“Hefur þú lært um Staphylococcus aureus?” I almost don’t recognize the bacteria name because my grandmother pronounces it differently in Icelandic.
“Já–” I’m about to translate my microbiology flashcard for her when she interrupts, her hands busy kneading the cookie dough and her eyes on my little sister near the oven.
That’s the bacteria that almost killed her eleven years ago, she tells me. I can hear her words building up. This is a story that has been waiting to be told often enough to be reconciled.
They did not know what was wrong with her. They thought maybe cancer, maybe tuberculosis — and I almost interrupt her story to tell her about Pott disease. That’s when tuberculosis from the lungs goes through the blood to the vertebrae and causes back pain, fever, night sweats and weight loss. I memorized the flashcard a few weeks ago.
My little sister stops doing handstands in the middle of the kitchen and comes to stand next to my chair. Together we watch Grandma roll the cookie dough as she continues talking.
It took the doctors a whole long time to figure out what was wrong with her. In the meantime, she was in so much pain from her back that she had to be on high doses of morphine. Codeine.
She could hear them yelling at each other in the next room, my great uncle, and the other doctor. The two internists had very different approaches. My great uncle wanted to identify what was going on before putting her up for surgery. The other doctor yelled at him that he was going to wait so long the woman would die.
My grandma stops her cookie cutting and sits across from me. She looks at me for a moment over her glasses and tells me how terrifying it is to know that your doctors don’t know what’s wrong with you.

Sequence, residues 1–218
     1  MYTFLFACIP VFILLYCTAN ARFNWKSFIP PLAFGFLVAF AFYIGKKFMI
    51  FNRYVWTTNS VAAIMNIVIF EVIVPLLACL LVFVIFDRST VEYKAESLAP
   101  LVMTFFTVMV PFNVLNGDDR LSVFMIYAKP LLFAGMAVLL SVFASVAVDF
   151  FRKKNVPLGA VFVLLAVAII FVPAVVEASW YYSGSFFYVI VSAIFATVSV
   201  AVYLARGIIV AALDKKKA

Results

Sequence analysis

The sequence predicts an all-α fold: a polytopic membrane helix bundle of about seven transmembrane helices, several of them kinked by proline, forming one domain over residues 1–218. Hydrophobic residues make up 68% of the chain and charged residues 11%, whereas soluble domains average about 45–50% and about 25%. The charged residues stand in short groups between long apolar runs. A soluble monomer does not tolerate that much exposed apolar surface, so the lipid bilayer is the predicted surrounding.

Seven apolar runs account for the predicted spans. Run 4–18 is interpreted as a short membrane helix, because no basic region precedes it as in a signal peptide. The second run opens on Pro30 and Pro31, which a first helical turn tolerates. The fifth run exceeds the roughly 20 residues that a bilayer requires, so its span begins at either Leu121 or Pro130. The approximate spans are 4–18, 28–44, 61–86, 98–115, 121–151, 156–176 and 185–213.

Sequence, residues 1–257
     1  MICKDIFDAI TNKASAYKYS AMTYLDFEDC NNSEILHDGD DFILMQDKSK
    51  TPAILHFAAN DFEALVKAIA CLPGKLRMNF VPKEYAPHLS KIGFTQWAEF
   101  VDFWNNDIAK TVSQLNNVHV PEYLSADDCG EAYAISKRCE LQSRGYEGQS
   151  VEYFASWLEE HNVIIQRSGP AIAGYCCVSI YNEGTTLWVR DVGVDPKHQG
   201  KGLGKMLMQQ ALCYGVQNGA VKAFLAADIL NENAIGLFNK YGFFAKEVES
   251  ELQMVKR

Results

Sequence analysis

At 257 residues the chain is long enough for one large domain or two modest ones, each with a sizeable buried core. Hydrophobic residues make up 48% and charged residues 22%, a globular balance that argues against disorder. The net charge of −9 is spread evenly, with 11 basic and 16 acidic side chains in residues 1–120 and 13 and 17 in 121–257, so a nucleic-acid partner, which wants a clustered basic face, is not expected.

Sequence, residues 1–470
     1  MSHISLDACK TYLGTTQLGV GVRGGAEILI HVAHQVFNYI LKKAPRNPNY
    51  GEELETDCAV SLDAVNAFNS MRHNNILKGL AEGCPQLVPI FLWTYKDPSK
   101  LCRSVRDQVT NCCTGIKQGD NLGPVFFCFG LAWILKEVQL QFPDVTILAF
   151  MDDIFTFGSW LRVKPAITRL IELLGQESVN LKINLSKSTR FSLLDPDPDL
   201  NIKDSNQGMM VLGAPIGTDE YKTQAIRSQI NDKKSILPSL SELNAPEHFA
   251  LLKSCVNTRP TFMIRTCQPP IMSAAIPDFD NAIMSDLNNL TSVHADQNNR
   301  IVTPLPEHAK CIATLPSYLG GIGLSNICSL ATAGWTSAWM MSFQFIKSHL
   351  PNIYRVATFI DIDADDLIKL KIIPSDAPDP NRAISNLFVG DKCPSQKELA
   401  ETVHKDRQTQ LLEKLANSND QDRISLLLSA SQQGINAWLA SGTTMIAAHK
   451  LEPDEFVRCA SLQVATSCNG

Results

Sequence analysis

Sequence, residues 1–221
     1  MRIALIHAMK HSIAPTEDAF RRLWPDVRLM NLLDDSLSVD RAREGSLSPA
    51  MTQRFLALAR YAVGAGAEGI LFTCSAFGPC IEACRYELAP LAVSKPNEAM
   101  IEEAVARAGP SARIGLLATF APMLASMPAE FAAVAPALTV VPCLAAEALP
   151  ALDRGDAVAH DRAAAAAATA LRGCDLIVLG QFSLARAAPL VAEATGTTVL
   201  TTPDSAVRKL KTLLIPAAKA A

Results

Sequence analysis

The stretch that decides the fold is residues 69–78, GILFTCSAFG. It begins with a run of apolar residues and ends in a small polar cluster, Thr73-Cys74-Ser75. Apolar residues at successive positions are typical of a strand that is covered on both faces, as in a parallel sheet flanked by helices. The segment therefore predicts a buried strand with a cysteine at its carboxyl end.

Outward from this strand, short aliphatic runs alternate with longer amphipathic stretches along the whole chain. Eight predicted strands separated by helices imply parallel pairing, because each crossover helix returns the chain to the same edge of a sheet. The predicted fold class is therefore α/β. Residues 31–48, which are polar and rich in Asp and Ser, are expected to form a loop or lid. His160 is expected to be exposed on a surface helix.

My poor great uncle, I tell her — he was just trying to make sure that they didn’t make you worse by operating.
My grandma nods and describes how when they finally did agree to have her undergo surgery, my great uncle called the best surgeon in town and had him come back early from vacation to operate on her the next day. And good thing too, for when they did, they found that three of her vertebrae had been turned to dust.
With an infection like that, the surgeon said she was hours away from death.
My little sister stepped closer to me.
But they used bone from her hip and titanium steel to recreate the missing vertebrae, my grandma continued. Four months in the hospital, five days of morphine withdrawal, and eleven years later, she’s still walking around her kitchen making us cookies.
My sister runs off to continue her handstands, and I think to myself the scariest part of the story is that this bacteria that almost killed my grandmother lives on our skin. We have easy tests to confirm Staphylococcus aureus, and good antibiotics to kill it. But in my grandmother’s case, the doctors had no reason to suspect that she had a bacterial infection, much less that Staphylococcus aureus was growing to dangerous levels in her back when she had no evidence of the bacteria in her circulating blood.
I wonder if she has any idea how terrifying it is for doctors, to have someone expect you to save their life; to know that you’re good at what you do and yet you don’t have an answer. That you might never have an answer. And the crux of it is there’s only so far we can ethically go in treating someone when we don’t know what we’re dealing with. After all, the oath we swear is not just to heal — it is to do no harm.
Natalia Birgisson is a medical student who blogs at Scope, where this article originally appeared.